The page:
The Left’s concocted distortions about Judge Southwick’s supposed racial insensitivities are also belied by the experience of those who know him well. A few examples:
1. In a letter to Senator Specter dated June 5, 2007, A. La’Verne Edney writes in support of Southwick’s nomination. Edney, who describes herself as “an African-American partner” at a law firm in Jackson, Mississippi, served as a law clerk for Southwick. Here is an excerpt from her letter:
“It did not matter the parties’ affiliation, color or stature—what mattered was what the law said and Judge Southwick worked very hard to apply it fairly. Judge Southwick valued my opinions and included me in all the discussions of issues presented for decision. Having worked closely with Judge Southwick, I have no doubt that he is fair [and] impartial.”
2. In a letter to Senator Specter dated June 6, 2007, Patrick E. Beasley, another former Southwick clerk who is African-American, writes:
“Lastly, on the issue of fairness to minorities, I speak from personal experience that Leslie Southwick is a good man who has been kind to me for no ulterior reason. I am not from an affluent family and have no political ties. While I graduated in the top third of my law school class, there were many individuals in my class with higher grade point averages and with family ‘pedigrees’ to match. Yet, despite all of typical requirements for the clerkship that I lacked, Judge Southwick gave me an opportunity.… Judge Southwick is a fair man….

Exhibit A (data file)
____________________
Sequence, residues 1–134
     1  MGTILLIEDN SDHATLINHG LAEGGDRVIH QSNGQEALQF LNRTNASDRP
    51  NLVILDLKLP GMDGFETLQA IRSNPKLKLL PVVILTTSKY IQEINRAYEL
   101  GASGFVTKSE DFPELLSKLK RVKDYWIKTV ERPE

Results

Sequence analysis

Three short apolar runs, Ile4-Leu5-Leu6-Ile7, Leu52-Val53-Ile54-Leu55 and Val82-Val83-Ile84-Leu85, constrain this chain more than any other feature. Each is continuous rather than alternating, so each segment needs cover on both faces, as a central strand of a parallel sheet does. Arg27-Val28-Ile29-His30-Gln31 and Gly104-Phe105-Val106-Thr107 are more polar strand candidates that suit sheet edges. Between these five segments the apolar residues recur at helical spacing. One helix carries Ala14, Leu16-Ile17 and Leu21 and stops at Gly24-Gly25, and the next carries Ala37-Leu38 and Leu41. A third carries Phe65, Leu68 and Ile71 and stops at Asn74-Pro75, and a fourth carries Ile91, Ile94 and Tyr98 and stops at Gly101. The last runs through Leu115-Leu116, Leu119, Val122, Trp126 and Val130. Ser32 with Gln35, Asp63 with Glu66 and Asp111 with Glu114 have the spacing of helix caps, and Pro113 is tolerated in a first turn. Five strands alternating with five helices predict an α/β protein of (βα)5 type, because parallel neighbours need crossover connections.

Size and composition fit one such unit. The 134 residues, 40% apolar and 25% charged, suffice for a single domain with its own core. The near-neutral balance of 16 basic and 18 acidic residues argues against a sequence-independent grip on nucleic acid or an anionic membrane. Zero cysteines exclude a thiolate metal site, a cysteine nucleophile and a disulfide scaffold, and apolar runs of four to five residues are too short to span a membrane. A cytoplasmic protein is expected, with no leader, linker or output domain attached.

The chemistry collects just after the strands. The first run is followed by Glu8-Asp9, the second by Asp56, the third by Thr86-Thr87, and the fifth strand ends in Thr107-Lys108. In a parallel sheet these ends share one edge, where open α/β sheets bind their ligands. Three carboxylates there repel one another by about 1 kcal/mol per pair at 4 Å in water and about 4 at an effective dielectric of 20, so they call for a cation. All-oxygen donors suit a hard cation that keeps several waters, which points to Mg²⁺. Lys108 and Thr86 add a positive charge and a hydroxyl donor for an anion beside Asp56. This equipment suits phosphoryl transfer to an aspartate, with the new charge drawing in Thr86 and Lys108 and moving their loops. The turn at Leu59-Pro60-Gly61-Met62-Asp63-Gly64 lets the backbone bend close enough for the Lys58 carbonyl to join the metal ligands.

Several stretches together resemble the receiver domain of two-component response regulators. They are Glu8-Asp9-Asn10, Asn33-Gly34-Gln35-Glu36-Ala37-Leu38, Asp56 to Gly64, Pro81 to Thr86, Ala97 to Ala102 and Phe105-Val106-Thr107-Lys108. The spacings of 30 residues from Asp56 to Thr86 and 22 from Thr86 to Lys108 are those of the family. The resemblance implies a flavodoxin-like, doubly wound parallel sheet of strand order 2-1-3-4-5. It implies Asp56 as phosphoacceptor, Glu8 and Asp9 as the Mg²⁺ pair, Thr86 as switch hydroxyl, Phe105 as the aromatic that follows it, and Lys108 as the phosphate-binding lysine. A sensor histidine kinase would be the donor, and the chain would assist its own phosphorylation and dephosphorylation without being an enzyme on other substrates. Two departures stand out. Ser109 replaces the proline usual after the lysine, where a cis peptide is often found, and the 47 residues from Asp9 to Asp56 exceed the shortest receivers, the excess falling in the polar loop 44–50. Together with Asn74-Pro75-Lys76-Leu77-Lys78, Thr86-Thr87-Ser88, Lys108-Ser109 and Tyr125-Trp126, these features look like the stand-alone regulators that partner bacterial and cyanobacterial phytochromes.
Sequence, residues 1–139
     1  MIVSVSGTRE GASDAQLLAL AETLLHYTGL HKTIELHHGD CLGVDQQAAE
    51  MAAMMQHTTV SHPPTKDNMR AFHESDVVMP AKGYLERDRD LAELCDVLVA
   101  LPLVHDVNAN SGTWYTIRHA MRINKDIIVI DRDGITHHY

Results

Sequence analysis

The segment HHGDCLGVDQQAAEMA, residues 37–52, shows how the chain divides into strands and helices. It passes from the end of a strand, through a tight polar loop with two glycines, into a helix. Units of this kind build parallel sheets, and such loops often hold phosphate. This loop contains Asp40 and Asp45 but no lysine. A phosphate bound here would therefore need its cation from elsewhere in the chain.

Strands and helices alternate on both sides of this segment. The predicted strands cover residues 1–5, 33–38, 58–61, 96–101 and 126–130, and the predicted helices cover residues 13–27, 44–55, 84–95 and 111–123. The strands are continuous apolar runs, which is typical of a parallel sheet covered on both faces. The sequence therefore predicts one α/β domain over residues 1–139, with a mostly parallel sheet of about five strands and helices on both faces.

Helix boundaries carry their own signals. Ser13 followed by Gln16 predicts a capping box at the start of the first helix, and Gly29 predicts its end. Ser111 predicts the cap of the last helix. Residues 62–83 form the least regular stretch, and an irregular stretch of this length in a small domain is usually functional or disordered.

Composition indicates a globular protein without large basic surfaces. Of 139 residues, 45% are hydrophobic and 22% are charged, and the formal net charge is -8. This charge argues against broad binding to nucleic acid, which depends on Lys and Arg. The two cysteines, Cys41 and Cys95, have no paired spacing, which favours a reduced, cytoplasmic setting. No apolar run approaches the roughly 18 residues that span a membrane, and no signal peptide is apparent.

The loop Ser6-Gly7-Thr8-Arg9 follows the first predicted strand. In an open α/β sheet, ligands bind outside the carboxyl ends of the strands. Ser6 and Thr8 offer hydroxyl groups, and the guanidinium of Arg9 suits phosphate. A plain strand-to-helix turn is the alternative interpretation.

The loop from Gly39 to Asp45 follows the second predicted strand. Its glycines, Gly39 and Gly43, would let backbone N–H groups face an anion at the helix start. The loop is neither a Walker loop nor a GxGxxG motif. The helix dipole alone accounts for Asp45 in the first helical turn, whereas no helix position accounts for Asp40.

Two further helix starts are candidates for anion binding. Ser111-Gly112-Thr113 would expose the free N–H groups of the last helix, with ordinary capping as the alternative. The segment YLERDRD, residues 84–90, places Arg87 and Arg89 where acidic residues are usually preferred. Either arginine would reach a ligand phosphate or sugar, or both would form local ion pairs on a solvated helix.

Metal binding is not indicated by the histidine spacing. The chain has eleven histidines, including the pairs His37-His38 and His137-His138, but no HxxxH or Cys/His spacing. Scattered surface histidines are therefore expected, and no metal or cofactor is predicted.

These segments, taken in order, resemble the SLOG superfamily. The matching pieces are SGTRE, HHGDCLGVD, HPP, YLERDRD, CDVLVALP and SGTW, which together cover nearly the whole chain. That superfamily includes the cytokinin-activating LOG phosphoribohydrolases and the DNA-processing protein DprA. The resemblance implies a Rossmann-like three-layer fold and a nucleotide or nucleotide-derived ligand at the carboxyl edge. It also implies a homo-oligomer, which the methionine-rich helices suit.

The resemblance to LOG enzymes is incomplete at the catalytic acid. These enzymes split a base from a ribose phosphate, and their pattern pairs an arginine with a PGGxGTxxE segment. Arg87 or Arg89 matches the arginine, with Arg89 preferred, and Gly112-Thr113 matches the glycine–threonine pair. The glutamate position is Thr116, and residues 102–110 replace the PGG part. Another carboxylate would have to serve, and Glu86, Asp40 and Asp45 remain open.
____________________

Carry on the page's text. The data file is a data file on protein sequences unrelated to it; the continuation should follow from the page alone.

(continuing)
3. In a letter to Senators Leahy and Specter dated June 6, 2007, former Mississippi supreme court justice James L. Robertson, who has known Southwick for two decades, offers his support of the nomination. Robertson (who makes clear that he is well-known as someone who is not a supporter of President Bush and who says that he voted for Al Gore and John Kerry in 2000 and 2004) praises Southwick across the board. He specifically avers that “there is not a hint of racism in Judge Southwick’s being.” Indeed, on this latter point, Robertson states that he is “certain” that Southwick’s two longtime African-American judicial colleagues “would be the first to tell you this”—that is, that there is not a hint of racism in Southwick—if they were not prohibited by state judicial rules from providing such endorsements.
By the way, the fact that Southwick had at least two black law clerks means that he had at least two more than Ruth Bader Ginsburg had at the time of her nomination to the Supreme Court. (Indeed, in her 13 years on the D.C. Circuit, Ginsburg never had a single black law clerk, intern, or secretary among her total of 57 employees.)